How can I find specific information on the notifications submitted by a particular Member State?
There is a search database on the RAPEX home-page, where a keyword can be entered and all related notifications will be listed. For example, if "Germany" is put in as the keyword, all notifications submitted by the German authorities since 2005 will be shown. Equally, a particular product (e.g. vehicle) or third country name can be put into the search tool to find information on the related number of notifications. See: www.ec.europa.eu/rapex .
2. RAPEX DATA 2008
How many dangerous products were notified in 2008 through the RAPEX system?
In 2008, a total of 1866 notifications were submitted thought the RAPEX system by Member States and EFTA/EEA countries. This constitutes 16% more notifications than in 2007 (1605 notifications). Of these, 1545 notifications concerned products which posed a serious risk to consumers.
Which EU countries notified most cases?
The following five Member States accounted for 50% of all RAPEX notifications on products posing a serious risk to the health and safety of consumers last year:
In 2008, 12 countries increased their activity in the RAPEX system.
Which products were most often notified?
The most frequently notified products in 2008 were:
These categories of products accounted for almost 68% of all products posing serious risk notified in 2008.
What are the main risks detected through the RAPEX system?
The most often notified risks categories, which accounted for 80% of all alerts on products posing a serious risk, were:
What measures did the national authorities take in response to the dangerous goods that they found?
When reporting through the RAPEX system, Member States must give details of the restrictive measures which they ordered in response to the identified risk ('compulsory measures'), as well as any preventive actions taken by economic operators on their own initiative ('voluntary measures'). Of the 1545 notifications for products posing a serious risk, 775 concerned compulsory measures ordered by the national authorities (50%), 736 were where economic operators took 'voluntary measures' (48%), while in 34 cases, compulsory measures were complemented by corrective actions by economic operators (2%).
Where did the largest amount of dangerous products come from in 2007?
China (including Hong Kong) was indicated as a country of origin for more than half (59% / 909 notifications) of notified products. Other third countries involved in notifications were, e.g.: Turkey (33 notifications, 2%) and the USA (29 notifications, 2%).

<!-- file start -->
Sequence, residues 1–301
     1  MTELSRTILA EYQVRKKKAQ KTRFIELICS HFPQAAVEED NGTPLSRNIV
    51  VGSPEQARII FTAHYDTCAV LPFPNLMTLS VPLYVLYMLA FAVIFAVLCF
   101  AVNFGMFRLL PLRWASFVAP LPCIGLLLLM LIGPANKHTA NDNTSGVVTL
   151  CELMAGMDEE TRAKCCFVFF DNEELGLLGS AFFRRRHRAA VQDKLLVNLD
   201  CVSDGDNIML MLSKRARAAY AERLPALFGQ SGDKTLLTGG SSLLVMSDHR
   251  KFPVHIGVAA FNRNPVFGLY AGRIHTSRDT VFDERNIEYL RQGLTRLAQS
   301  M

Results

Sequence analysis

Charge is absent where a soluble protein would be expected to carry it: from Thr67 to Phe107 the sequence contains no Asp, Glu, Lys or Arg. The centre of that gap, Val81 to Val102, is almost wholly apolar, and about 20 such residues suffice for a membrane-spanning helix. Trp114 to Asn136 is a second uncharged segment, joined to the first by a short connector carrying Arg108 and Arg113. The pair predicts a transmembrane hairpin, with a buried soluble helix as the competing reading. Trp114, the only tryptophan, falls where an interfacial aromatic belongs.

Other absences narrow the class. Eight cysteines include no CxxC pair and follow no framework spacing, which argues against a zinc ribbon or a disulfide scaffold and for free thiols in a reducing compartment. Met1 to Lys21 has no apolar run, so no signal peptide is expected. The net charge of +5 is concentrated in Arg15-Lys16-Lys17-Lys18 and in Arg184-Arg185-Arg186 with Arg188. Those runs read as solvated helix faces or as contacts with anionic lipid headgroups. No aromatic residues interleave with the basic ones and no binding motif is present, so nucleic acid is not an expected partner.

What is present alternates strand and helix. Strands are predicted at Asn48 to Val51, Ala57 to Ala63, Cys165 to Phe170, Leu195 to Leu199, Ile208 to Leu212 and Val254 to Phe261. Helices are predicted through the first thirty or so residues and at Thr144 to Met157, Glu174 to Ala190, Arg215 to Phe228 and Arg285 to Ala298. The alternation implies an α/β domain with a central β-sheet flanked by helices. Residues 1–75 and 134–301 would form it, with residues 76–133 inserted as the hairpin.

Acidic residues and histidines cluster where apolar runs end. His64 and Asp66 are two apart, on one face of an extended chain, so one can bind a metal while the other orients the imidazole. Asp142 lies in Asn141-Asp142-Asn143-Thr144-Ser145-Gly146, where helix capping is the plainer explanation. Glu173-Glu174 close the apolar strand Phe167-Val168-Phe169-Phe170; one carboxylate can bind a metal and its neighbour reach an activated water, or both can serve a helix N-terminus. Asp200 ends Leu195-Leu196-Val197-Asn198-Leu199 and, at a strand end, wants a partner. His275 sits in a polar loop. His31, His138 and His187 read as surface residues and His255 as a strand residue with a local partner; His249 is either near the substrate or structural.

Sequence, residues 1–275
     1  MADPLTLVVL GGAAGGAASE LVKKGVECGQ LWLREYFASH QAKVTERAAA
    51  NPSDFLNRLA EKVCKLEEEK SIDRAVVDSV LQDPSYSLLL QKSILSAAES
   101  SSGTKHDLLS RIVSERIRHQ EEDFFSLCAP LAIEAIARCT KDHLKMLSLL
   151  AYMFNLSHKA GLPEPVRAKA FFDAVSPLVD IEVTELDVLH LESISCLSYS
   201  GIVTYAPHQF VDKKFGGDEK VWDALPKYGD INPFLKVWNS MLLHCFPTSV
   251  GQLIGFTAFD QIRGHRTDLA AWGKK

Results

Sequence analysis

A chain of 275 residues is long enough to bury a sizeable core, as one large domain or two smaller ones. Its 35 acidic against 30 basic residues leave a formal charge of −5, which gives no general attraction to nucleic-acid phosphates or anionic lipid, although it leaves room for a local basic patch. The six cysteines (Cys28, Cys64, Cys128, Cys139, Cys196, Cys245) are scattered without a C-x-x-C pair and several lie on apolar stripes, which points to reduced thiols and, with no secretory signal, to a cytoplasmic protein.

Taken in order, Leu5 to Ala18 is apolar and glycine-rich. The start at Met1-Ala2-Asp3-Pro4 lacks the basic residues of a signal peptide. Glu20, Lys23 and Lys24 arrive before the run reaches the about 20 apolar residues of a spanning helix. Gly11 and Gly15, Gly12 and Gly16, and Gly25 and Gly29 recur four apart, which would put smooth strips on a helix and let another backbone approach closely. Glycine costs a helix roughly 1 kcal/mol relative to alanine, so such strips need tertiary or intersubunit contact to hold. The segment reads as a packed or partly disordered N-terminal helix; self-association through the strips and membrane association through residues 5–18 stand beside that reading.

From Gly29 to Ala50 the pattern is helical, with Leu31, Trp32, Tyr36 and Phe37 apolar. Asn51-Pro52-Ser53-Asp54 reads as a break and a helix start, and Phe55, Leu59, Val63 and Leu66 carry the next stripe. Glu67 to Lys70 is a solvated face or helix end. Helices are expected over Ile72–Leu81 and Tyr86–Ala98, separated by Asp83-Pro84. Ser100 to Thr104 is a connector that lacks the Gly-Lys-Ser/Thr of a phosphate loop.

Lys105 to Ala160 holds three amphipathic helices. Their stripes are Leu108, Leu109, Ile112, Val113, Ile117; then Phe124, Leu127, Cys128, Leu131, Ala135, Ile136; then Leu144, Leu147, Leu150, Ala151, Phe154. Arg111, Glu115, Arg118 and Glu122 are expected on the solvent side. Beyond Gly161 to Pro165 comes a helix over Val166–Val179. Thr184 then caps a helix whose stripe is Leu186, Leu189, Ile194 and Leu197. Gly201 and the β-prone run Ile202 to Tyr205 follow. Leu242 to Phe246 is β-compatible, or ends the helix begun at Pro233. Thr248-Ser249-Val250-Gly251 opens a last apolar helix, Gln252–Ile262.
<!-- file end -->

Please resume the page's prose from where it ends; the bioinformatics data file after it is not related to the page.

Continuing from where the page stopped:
Products of European origin accounted for 313 notifications (20%), including 82 products of German origin (5%), 57 products of Italian origin (4%), 30 products of French origin (2%) and 23 products of British origin (1%). These fairly high numbers show that the national enforcement authorities should focus their activities not only on products coming from third countries but also closely monitor the safety of consumer goods manufactured in the EU. It also shows that further attention needs to be given to the education of the European manufacturers and distributors on the safety requirements applying to consumer products.
Why have notifications for dangerous goods increased every year?
The increase in the number of notifications transmitted through the RAPEX system does not mean that there are more dangerous goods on the European market or that the European market surveillance system is working less effectively. On the contrary, these results can be ascribed to increasing awareness and attention given to product safety by national authorities and the business sector, more frequent and more effective controls of consumer products on the market, joint market surveillance actions carried out by national authorities, the EU enlargement in 2004 and 2007 and finally to several training actions and seminars provided by the European Commission for different stakeholders.
What does it show when a country makes a lot of notifications – is it that there are more dangerous products on that particular market?
The number of notifications made by a particular Member State cannot be directly linked to the level of safety of the products on its market. There are many reasons why some Member States may have more notifications than others: very effective surveillance mechanisms, big market, large import volumes etc. In general, it follows that the European countries which have the biggest markets and the greatest number of imported goods, and which also have the highest number of inspectors, find more dangerous goods and thus notify through RAPEX more often than smaller countries.
3. RAPEX-CHINA: IMPROVING CONTROLS ON CHINESE PRODUCTS
What is the "RAPEX-CHINA" application?